some not-so-complimentary nicknames. “Open-arse” fruit, for example, by Chaucer. Or, from Shakespeare, more discretely, “open-etcetera.”
up. They allegedly also cook up into delicious tarts, jellies, “fools,” and the like. Here’s a simple recipe for a tart, dating back to 1660, from Robert May’s The Accomplisht Cook: “Take medlars that are rotten, strain them, and set them on a chaffing dish of coals, season them with sugar, cinamon and ginger, put some yolks of eggs to them, let it boil a little, and lay it in a cut tart; being baked scrape on sugar.”
blossom, opening singly and with white petals like a wild rose (a relative), is then framed by a whorled backdrop of forest-green leaves.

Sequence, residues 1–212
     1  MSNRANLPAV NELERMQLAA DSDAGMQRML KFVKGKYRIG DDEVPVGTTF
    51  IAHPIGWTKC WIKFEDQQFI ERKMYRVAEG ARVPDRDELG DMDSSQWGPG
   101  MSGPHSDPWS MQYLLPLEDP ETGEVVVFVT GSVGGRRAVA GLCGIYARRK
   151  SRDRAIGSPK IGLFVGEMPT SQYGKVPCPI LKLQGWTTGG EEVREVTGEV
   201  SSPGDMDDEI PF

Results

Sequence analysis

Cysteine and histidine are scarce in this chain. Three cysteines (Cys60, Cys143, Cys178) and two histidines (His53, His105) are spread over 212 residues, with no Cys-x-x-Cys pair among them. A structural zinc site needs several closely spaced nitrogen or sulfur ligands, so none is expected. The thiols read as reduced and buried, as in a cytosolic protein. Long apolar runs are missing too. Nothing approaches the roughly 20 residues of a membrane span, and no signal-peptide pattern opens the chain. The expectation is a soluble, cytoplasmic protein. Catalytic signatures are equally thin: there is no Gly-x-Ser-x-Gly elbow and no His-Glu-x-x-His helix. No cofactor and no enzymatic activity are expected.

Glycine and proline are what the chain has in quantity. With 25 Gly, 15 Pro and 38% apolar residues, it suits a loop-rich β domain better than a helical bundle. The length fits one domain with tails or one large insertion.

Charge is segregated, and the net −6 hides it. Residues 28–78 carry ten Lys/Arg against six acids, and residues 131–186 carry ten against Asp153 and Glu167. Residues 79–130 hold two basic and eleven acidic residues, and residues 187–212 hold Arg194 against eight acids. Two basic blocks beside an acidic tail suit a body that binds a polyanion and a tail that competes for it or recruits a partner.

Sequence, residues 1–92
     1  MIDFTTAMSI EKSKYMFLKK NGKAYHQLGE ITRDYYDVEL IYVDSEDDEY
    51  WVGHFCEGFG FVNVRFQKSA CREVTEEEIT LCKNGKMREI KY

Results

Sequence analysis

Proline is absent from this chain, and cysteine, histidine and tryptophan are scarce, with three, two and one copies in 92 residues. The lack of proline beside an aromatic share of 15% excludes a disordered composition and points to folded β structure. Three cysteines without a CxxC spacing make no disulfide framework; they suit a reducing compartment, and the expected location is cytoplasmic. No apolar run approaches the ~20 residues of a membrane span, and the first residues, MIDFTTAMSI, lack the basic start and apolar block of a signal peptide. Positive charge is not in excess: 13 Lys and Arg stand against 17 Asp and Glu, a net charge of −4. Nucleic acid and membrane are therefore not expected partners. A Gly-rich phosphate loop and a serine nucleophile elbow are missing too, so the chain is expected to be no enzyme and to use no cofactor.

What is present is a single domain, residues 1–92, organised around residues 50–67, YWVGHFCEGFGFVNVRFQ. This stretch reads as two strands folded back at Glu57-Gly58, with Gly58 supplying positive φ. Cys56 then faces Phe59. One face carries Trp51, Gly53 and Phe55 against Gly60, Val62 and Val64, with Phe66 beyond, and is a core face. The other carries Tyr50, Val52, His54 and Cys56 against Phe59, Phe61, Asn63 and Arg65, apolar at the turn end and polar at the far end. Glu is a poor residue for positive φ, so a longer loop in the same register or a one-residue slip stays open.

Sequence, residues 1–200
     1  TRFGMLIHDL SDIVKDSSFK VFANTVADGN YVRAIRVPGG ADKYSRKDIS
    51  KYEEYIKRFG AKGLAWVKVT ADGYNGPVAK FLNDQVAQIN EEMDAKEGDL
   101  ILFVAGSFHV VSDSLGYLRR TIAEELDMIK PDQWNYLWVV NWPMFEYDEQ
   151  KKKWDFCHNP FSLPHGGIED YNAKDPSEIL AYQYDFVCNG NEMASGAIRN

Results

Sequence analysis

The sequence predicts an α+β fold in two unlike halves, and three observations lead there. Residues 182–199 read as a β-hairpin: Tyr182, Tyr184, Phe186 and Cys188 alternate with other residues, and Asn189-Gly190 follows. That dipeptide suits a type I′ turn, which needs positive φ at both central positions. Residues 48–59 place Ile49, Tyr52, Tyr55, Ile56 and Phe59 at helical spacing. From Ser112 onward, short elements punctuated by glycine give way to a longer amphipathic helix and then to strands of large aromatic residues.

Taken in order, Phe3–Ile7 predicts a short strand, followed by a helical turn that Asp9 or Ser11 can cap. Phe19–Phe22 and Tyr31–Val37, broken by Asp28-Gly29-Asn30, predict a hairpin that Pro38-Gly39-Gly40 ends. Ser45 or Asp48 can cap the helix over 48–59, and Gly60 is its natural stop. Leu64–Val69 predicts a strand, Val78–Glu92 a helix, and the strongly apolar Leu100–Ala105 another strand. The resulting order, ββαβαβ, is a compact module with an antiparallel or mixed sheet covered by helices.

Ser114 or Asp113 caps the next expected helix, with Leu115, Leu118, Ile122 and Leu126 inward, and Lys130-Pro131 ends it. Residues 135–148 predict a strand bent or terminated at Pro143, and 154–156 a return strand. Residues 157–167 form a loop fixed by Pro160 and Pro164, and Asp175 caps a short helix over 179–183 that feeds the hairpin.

pear. These uncommon fruits all have excellent flavor and few or no pest problems (and play the leading roles in my book Uncommon Fruits for Every Garden). They also demand little expertise or time in pruning as compared with some of the common tree fruits.